Big C, The – Season 3
This review considers that you have watched Season 2 because it sets up the beginning of Season 3.
When Season 2 began, Cathy (Linney) gained the ability of being able to see dead people. This came into play during the final scene when Cathy ran a marathon to honor her deceased cancer buddy Lee and made it to the finish line with everyone there.
Cathy: Everybody came!
Adam: Yeah, except dad’s not here yet.
With Season 2 ending in such a huge cliffhanger, Showtime teased the audience with the idea of a third season without Paul (Platt) among the living (but still there as a ghost), which was something that made want to watch The Big C badly just to see how Cathy and co. would deal with such a sad event. The show had proven itself as a watchable dramedy with a great cast and Season 3 includes Susan Sarandon, Allison Janney and Victor Garber among the guest stars. With “fear less” as its tagline, you would think that Season 3 could be fun.
3 minutes into Season 3, however, Paul is alive (albeit with a heart device installed) and kicking.
The choice of making Paul a living character is downright anticlimactic and it’s a big “jumping the shark” move. While it would have been painful for cancer-ridden Cathy and Adam (Basso) to live without him, The Big C wasn’t afraid of killing off characters that were very important to Cathy during the past seasons. Keeping Paul alive not only goes against that, but it puts the viewers (as well as Adam) in the position of watching two characters die, lessens Cathy’s cancer storyline (as well as the ongoing grief) and cheapens the value of the powerful Season 2 finale.
Speaking of Cathy’s cancer, Season 3 is all about remission: her tumors have decreased and she’s off to living the life again. The problem with the remission theme is that it made Season 3 pretty boring to watch despite Cathy develoving a new alter ego called Alexis, who drinks, flirts and parties (yet not so well explored). As if Paul being alive wasn’t bad enough, the writing on Season 3 made Cathy very unlikeable to the point where she almost matches Nancy Botwin (Weeds) in the unlikeability scale. Despite Laura Linney’s acting and delivery of lines, Cathy still came across as a very selfish and unlikeable character that was even worse than Platt’s Paul on Season 1, and that’s saying something. Season 3 had Cathy doing a lot of unlikeable and unfunny things, but the worst offender was that scene in which she derails Adam’s religious reunion (he turned to religion) for selfish reasons and undercuts the value of the show’s most powerful scene (Adam finding out about his mom’s cancer during the Season 1 finale).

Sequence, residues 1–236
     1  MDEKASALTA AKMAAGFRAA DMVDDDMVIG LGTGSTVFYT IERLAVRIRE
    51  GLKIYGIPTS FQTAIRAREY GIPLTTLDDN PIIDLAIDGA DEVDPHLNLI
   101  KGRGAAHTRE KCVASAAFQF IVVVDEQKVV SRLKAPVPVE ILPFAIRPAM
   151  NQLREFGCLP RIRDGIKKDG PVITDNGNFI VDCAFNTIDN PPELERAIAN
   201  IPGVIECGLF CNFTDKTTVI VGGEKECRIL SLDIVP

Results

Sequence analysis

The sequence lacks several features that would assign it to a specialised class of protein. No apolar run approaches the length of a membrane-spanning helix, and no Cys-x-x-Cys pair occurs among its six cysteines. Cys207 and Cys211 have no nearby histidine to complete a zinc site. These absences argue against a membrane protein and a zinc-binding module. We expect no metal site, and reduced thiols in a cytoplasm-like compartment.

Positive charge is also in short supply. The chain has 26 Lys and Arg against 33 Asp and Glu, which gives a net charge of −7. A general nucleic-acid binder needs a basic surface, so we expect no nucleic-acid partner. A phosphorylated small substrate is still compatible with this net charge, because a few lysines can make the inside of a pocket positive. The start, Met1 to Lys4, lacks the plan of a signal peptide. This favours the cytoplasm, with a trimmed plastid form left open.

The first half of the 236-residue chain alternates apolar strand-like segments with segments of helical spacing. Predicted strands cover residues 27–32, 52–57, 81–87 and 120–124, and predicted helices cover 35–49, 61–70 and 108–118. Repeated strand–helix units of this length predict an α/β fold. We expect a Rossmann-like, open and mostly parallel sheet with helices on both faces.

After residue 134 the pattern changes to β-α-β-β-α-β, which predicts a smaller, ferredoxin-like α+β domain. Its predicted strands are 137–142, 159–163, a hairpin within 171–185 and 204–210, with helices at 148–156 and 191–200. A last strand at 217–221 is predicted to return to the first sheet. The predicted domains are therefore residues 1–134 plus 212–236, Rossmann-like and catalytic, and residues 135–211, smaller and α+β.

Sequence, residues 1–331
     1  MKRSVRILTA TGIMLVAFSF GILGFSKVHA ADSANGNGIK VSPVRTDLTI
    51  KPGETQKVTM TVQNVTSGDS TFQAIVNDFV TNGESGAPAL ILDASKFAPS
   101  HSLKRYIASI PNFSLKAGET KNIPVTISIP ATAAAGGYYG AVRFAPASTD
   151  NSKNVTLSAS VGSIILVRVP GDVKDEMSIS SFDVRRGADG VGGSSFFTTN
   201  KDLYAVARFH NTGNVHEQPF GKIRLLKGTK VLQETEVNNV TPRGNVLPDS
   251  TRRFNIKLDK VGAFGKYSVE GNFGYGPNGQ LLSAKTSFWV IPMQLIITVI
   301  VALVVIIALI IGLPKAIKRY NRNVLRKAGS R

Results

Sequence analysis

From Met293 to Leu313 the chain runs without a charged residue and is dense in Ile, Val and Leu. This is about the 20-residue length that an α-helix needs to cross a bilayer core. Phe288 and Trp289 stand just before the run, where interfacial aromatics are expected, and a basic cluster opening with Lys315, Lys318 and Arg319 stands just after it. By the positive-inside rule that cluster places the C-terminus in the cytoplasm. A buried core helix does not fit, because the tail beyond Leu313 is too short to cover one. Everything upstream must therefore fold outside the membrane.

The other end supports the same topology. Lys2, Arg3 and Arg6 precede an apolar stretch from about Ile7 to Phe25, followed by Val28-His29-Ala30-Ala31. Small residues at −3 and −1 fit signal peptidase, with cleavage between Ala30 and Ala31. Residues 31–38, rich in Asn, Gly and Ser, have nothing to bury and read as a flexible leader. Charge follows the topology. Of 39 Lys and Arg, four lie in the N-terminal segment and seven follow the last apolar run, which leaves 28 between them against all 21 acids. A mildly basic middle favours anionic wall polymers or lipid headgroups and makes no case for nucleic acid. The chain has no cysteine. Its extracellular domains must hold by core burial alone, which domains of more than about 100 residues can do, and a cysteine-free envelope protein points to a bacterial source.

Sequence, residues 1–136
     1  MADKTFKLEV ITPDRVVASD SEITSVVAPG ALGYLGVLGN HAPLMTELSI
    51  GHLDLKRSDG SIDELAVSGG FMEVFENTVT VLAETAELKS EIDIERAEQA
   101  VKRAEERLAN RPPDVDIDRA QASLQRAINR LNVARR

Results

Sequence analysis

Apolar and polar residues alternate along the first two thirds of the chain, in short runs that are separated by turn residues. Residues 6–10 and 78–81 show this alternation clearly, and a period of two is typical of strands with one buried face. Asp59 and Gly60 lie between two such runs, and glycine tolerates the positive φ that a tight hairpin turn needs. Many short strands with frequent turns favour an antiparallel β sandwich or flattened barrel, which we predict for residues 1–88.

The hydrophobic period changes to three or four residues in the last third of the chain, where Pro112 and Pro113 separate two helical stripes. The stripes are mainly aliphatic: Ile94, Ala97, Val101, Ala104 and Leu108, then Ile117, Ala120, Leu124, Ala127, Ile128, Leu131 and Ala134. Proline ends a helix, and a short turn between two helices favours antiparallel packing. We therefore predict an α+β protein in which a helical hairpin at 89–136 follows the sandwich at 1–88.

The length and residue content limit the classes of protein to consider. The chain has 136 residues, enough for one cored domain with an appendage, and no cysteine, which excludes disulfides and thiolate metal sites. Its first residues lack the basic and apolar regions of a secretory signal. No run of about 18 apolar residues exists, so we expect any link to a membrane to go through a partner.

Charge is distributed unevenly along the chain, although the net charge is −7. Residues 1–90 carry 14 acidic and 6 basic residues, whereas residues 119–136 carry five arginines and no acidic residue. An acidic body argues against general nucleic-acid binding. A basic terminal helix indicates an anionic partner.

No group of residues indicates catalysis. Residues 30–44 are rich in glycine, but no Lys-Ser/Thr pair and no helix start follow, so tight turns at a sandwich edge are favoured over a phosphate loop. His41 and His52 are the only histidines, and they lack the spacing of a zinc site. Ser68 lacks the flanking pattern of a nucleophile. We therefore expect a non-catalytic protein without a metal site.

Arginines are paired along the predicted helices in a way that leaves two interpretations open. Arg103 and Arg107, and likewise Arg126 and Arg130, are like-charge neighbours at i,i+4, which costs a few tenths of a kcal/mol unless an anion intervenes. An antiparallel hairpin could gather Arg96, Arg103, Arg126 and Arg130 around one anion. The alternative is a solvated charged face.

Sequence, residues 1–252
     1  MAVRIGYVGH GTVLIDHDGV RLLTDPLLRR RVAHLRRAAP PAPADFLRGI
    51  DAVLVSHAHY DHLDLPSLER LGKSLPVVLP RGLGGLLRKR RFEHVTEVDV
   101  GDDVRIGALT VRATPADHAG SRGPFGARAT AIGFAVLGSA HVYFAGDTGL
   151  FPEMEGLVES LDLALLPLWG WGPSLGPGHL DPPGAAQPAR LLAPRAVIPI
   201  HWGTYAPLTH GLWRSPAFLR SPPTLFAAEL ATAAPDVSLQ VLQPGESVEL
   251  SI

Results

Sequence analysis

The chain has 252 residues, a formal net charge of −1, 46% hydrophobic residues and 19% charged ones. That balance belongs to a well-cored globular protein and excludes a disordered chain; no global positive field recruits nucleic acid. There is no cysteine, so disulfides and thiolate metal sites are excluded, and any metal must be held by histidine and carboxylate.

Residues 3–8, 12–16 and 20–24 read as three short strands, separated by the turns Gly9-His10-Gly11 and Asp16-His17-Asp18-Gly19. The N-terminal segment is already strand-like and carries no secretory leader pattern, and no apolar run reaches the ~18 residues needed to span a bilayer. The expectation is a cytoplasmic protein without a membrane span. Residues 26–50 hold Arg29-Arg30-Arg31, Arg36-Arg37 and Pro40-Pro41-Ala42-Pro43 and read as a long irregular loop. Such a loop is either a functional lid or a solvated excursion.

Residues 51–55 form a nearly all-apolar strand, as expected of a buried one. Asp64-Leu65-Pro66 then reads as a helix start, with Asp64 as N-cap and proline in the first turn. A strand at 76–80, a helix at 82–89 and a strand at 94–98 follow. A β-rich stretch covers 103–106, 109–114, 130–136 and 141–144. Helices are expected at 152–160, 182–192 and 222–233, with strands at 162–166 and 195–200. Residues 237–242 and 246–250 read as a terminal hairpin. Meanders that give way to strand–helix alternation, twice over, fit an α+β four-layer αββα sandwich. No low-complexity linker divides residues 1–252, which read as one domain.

Regarding the supporting characters, Adam deals with his newfound devotion to religion, Paul capitalizes on his survival experience and becomes a blogger, who later turns into a motivational speaker triggered by Susan Sarandon’s Joy (who deserved better), a cancer survivor who would annoy Cathy pretty badly. Meanwhile, Sean (Hickey) runs a gay sex phone line and Andrea (Sidibe, upgraded to series regular), now known as Ababou, does all to showcase her African roots. Only Hickey’s Sean remains likeable and funny to watch until the season finale, while Andrea got the cartoon character treatment, Adam’s storyline was fairly consistent while still keeping him as a douchebag and Platt’s Paul was hit and miss during this season.
The Big C gains a breath of fresh air near the end of the season when everyone goes to Puerto Rico thanks to Paul’s new gig and had two strong scenes in the penultimate episode. One of them was the argument between Cathy and Paul and the other one was seeing Cathy swiming in the ocean towards somewhere unknown, which mirrors her cancer’s fate and should have signalled the end of the season because Cathy also learns that her remission phase has ended. However, the season finale manages to destroy Andrea’s Ababou storyline with a single line, made Adam and Cathy’s storylines feel redundant and made Sean look like a big jerk.
Overall, Season 3 sucked. But I’ll still watch Season 4 — premiering on April 29, 2013 and lasting 4 1-hour episodes — because it’s the end of the show.